The operators of the defunct MoviePass Inc. reached a settlement Monday with Federal Trade Commission to resolve allegations that the company actively tried to block frequent users from using the service as advertised, according to a statement from the FTC.
MoviePass was a company that, starting in August 2017, offered a monthly subscription of $9.95, enabling subscribers to see one movie per day at most theaters in the country, paying theaters the full price every time a user saw a movie. The strategy led to deep losses as its customers saw movies much more frequently than expected.
Former executives from the company could not immediately be reached for comment.
The FTC said that the company and its leadership invalidated passwords of some users in an attempt to get its customers to use the service less, blaming the incident on “suspicious activity or potential fraud.” In addition, the company launched a ticket verification program that required subscribers to submit a picture of their physical ticket stub within a certain time frame in order to “discourage the use of the service.”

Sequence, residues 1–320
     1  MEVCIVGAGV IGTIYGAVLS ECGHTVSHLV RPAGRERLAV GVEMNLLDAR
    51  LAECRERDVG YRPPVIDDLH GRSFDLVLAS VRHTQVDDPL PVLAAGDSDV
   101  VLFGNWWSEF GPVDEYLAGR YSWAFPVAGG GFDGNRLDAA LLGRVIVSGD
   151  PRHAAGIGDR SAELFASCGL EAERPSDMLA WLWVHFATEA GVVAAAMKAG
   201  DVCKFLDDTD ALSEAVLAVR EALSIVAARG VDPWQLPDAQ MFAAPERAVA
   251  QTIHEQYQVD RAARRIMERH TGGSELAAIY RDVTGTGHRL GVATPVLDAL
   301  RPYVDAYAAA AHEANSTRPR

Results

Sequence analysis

Meanwhile, the FTC said that MoviePass operators used “trip wires” for some customers who used the service more than three times per month. These policies contradicted MoviePass’ marketing campaign of “one movie per day.”
The FTC also said the the company did not take reasonable steps to secure personal information of users, like credit-card numbers and geolocations.
“MoviePass and its executives went to great lengths to deny consumers access to the service they paid for while also failing to secure their personal information,” said Daniel Kaufman, the FTC’s acting director of the Bureau of Consumer Protection, in a Monday statement. “The FTC will continue working to protect consumers from deception and to ensure that businesses deliver on their promises.”